The Risks of Using Clonazepam and Alcohol

Clonazepam and Alcohol | Harmony Treatment and Wellness

Clonazepam (brand name Klonopin) is an anti-anxiety medication in the benzodiazepine (benzo) family, and is a central nervous system (CNS) depressant. Alcohol, also a depressant, is an intoxicant found in distilled spirits, beer, and wine. Under no circumstances is it regarded as safe to combine the substances.

Effects of Clonazepam and Alcohol

Alcohol, when consumed alone, can produce effects, including the following:

  • Slurred speech
  • Mild euphoria
  • Depression
  • Aggression
  • Impaired coordination
  • Memory loss
  • Nausea and vomiting
  • Irregular or slow breathing
  • Elevated heart rate

Drinking alcohol chronically and in excess can result in adverse health complications, including liver disease, pancreatitis, arrhythmia, hypertension, and an increased risk of several types of cancer.

Clonazepam is a prescription medication and should only be used as directed by a physician. Misuse, including consuming too much or using it too frequently, can result in side effects, which may include the following:

  • Drowsiness or sleepiness
  • Blurred vision
  • Slurred speech
  • Memory impairment
  • Difficulty concentrating
  • Headache
  • Impaired coordination
  • Loss of appetite and vomiting
  • Sleep disturbances

While it is possible to use either one of these substances responsibly, the two should never be used in conjunction, even when a person has a legitimate prescription for clonazepam. This is because their combined use can quickly amplify the effects of one other, which can lead to a much higher risk of overdose, hospitalization, and death.

Can You Mix Klonopin and Alcohol?

Clonazepam and Alcohol | Harmony Treatment and Wellness

Both alcohol and clonazepam and are CNS depressants. In prescription doses of clonazepam, this property helps to reduce activity in the CNS and calm nerves, helping those who suffer from anxiety to function more normally.

However, CNS depressants used in combination can result in sedation as well as profoundly depressed respiration and heart rate. Moreover, when clonazepam and alcohol are used together, even in relatively small doses, the overall compounded effect can result in extreme drowsiness, severely impaired coordination, and an increased risk of a serious fall or injury. This effect can also mean that the person becomes unresponsive, ultimately leading to coma and death.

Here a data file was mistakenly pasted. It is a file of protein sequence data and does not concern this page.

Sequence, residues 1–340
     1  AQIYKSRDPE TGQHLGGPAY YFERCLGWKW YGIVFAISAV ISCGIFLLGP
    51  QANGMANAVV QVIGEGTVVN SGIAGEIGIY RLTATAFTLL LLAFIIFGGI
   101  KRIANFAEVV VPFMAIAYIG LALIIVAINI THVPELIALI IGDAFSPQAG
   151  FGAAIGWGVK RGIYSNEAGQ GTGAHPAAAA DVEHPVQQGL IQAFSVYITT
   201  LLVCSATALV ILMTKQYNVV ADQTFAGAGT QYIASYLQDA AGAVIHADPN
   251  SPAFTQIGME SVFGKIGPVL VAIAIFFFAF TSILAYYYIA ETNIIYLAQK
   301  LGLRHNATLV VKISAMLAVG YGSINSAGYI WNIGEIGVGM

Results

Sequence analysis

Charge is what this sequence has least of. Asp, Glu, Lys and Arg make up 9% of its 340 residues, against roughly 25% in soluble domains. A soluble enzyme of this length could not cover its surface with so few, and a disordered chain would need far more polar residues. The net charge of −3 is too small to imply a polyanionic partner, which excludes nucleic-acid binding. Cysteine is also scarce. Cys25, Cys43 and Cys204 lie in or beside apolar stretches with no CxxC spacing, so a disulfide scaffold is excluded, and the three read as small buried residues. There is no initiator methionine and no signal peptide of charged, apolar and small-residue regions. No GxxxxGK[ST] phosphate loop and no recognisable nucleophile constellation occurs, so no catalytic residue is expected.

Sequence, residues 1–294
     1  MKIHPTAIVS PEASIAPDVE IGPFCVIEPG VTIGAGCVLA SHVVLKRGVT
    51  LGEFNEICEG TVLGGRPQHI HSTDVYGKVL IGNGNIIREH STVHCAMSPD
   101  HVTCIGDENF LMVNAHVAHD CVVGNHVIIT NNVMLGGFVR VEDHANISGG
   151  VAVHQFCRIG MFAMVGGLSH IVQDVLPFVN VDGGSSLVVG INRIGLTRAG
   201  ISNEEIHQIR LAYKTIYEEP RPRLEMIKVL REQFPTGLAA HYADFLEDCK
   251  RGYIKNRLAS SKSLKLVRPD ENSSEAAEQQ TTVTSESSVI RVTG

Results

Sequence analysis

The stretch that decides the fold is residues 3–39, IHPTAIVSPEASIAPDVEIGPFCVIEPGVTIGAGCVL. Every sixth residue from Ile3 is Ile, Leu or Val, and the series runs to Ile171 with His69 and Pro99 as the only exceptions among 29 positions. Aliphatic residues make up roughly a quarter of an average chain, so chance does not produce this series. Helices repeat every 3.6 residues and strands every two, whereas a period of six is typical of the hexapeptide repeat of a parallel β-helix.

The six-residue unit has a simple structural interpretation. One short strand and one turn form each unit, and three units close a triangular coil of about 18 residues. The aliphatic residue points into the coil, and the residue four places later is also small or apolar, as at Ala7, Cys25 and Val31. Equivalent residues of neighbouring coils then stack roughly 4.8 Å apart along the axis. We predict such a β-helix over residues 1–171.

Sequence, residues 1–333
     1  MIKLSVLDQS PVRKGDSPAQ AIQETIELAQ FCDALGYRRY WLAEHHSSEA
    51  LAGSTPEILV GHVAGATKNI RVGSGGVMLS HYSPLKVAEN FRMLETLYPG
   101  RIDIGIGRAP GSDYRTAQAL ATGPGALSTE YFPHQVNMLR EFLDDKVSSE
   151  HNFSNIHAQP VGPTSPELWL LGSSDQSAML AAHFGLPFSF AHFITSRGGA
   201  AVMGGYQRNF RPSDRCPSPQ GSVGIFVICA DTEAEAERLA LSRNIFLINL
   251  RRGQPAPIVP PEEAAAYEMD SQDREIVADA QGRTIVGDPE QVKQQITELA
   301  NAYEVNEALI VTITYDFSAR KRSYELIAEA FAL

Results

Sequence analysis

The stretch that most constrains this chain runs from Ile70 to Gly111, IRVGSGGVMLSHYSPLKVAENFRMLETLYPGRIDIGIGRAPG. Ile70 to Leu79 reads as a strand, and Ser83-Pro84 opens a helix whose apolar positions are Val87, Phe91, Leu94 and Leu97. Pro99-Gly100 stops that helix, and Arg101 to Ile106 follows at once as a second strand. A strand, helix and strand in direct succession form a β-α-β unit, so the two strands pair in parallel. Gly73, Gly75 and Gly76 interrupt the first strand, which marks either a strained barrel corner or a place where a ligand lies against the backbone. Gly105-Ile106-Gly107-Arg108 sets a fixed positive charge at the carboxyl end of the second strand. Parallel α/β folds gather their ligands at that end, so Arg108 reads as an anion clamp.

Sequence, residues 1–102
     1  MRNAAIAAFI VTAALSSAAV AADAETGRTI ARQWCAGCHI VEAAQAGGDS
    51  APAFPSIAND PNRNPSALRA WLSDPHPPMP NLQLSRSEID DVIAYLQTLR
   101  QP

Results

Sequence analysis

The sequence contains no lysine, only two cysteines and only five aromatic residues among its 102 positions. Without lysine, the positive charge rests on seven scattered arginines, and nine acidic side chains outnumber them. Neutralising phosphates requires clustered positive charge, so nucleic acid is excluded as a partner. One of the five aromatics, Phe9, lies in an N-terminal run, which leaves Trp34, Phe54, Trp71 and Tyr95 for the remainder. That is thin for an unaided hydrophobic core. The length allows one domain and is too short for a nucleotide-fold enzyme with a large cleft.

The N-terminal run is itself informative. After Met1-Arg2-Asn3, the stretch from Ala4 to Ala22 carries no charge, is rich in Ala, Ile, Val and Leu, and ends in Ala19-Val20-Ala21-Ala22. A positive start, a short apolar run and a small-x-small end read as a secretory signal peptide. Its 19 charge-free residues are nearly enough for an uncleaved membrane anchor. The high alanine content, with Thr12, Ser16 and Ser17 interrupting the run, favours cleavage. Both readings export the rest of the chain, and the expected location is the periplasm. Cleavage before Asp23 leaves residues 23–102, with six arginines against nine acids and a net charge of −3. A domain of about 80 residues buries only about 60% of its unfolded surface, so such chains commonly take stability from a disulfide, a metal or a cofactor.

Depressed or labored breathing is a potentially lethal side effect of mixing alcohol and clonazepam and is an indication that the person is not receiving enough oxygen. One characteristic of a lack of oxygen is pale, clammy skin and blue tinting around the lips or under the fingernails (cyanosis). If left untreated without emergency medical assistance, the person could stop breathing altogether and die.

Recent research conducted by the Substance Abuse and Mental Health Services Administration (SAMHSA, 2014) revealed that 38% of emergency room visits involving benzos combined with alcohol or opioids resulted in a more severe outcome, such as hospitalization and, in some cases, death.

Treating Alcohol Withdrawal with Clonazepam or Other Benzos

If a person has an alcohol use disorder and they seek treatment, a doctor may prescribe a benzodiazepine such as clonazepam to relieve the symptoms of withdrawal. Anxiety and seizures are two major symptoms of alcohol withdrawal, and benzos are very effective at minimizing the risk of severe symptoms such as these. In this way, benzos can make a person’s transition away from alcoholism easier.

However, it is critical that the overseeing physician carefully supervise the patient and watch for signs of a burgeoning dependence on benzos. Each of these medications has its potential for abuse, and the development of a new dependence can be particularly dangerous if the person experiences a relapse and combines clonazepam with alcohol use.

Help for Alcohol or Clonazepam Addiction

For those who struggle with an addiction to clonazepam, alcohol, or both, it is vital to seek help as soon as possible to receive treatment before the problem gets worse. If these conditions are left untreated, the person may become more likely to use alcohol and benzos together or to use these drugs in combination with others, such as heroin and prescription opioids.

Comprehensive addiction treatment is the most effective way to treat polysubstance abuse disorders. Emotional support from therapists and peers helps clients to uncover factors that led to their substance abuse issues and develop better coping mechanisms for dealing with life’s stressors and cravings for substances.

Harmony Treatment and Wellness is dedicated to helping clients achieve abstinence. Through psychotherapy, counseling, and group support, we provide them with the knowledge and tools they need to prevent relapse and make educated decisions about their lives, health, and well-being.

We employ highly-skilled, compassionate addiction specialists who facilitate therapeutic services to clients with care and expertise. We understand that addiction is a chronic, relapsing disease and should be treated as such. We help clients without judging their past actions and, instead, foster encouragement and hope for the future.

Call us today to discuss treatment options and begin your journey to recovery! We can help you reclaim the happy and fulfilling life you deserve!

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